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Thread: Tire Pressure Monitor Battery

  1. #1
    gulfcoastbeemer
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    Tire Pressure Monitor Battery

    I have an '07 R1200RT with the BMW Tire Pressure Monitor System (TPMS).

    The TPMS is working flawlessly; however, it's time for me to mount new tires, and, as the bike has over 24,000 miles on the odometer, possibly renew the batteries within the TPMS sensor/sending unit found within each wheel.

    Does anyone have any experience with replacement of these batteries?

    What battery is used? Is it a generic, readily available button battery?

    How is replacement achieved?

    After how many miles was replacement necessary?

  2. #2
    On the Road BigAdv's Avatar
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    The batt.s are quite expensive, about $100.00 but they do come with new sensors. They are a none serviceable part, if the batt. dies, you have to get a new sensor. They are 'supposed' to last 5 to 7 years.

    Earl

  3. #3
    gulfcoastbeemer
    Guest
    Quote Originally Posted by BigAdv View Post
    The batt.s are quite expensive, about $100.00 but they do come with new sensors. They are a none serviceable part, if the batt. dies, you have to get a new sensor. They are 'supposed' to last 5 to 7 years.

    Earl
    Thanks for the info Earl.

    WOW, that seems like a weird maintenance strategy from the standpoint of an owner!

    I bet this can only be done by a BMW dealer as the new battery/sensor has to be "paired" with a particular bike's computer! Right?

    Of course, "years" doesn't equate to "miles". Just like "shelf-life" doesn't equate to "service-life". My understanding is the sending unit is switched on by centrifugal force as the wheel reaches a certain speed. Ergo, non-spinning wheel equates to "shelf-life"; spinning wheel equates to "service-life".

    Five year of riding might equate to 12,000 for some people, and 120,000 for others. (Your mileage may vary.)

    [Don, you must be thrilled with your decision to go "after-market" battery-less TPM!?]

  4. #4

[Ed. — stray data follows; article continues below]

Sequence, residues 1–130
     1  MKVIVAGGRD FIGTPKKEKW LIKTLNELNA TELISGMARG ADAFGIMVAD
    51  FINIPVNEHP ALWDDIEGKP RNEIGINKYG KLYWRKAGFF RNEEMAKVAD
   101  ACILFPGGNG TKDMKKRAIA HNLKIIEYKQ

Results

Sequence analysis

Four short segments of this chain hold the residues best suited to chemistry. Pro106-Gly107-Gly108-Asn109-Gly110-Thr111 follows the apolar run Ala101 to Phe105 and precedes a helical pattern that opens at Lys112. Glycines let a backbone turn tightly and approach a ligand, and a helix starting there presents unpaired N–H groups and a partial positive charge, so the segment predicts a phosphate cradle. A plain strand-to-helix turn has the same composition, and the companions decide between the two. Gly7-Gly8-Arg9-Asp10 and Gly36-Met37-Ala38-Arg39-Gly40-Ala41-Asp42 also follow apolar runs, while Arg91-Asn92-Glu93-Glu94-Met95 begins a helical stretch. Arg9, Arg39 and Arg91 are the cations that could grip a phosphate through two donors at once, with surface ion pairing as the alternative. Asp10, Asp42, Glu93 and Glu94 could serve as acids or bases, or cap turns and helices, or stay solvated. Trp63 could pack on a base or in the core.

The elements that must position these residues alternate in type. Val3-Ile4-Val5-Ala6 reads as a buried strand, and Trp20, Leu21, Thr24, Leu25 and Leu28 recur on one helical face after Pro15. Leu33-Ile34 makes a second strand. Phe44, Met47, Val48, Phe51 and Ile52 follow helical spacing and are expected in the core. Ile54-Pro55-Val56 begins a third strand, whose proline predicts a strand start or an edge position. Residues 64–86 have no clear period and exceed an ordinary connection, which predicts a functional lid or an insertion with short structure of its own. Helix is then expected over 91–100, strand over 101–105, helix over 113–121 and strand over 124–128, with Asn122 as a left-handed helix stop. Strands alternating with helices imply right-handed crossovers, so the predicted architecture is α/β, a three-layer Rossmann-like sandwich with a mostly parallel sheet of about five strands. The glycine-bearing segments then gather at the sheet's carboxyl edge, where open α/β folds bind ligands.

Republic of Texas
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    Quote Originally Posted by gulfcoastbeemer View Post
    WOW, that seems like a weird maintenance strategy from the standpoint of an owner!
    No kidding. But apparently no where near as weird as expecting the owner to learn how to use a $20 digital tire pressure gauge to check tire pressures before every ride. Now, THAT would just be too weird!
    Mike White
    MOA Life Time Member #57882
    '13 K1300S "30 Years", '95 R1100RS, '88 K75S, '97 Ducati 916, '95 Ducati 900SS CR. Gone, but not forgotten, '75 R90S

  5. #5
    gulfcoastbeemer
    Guest
    Quote Originally Posted by BeemerMike View Post
    No kidding. But apparently no where near as weird as expecting the owner to learn how to use a $20 digital tire pressure gauge to check tire pressures before every ride. Now, THAT would just be too weird!
    Cute.

    The TPMS was on the bike when I bought off the dealer showroom floor. Having never experienced a TPMS, I wouldn't have ordered the bike with it. Now, after 25,000+ miles, I wouldn't think of buying an RT without one.

    I've found the TPMS to be a valuable safety feature -- but, it doesn't replace a tire gauge. I still check my tire pressure with a tire pressure gauge before I ride, as the TPMS does begin to function until you are underway.

    The TPMS is dynamic by nature. If you pickup a small nail, and the pressure slowly drops, the TPMS will tell you while you are riding and otherwise unaware of impending doom.

    I check my tire pressure with a digital gauge more frequently than you might imagine; yet, I still haven't found a way to fit that tire gauge to the valve stem of a wheel spinning at highway speeds.

  6. #6
    Republic of Texas
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    Quote Originally Posted by gulfcoastbeemer View Post
    I've found the TPMS to be a valuable safety feature
    No doubt that a TPMS provides added safety to warn you of lowering tire pressure that occurs in between your manual checks (e.g., a puncture while riding). Unfortunately, I see a lot of people who feel that once they have a TPMS, there is no longer any need to manually check their tire pressures, especially on cars and trucks, and so they pay even less attention to the condition of their vehicle than they did before. Of course, I also see people driving around with a half-inflated tire . . . seemingly oblivious to the fact. Not good.
    Mike White
    MOA Life Time Member #57882
    '13 K1300S "30 Years", '95 R1100RS, '88 K75S, '97 Ducati 916, '95 Ducati 900SS CR. Gone, but not forgotten, '75 R90S

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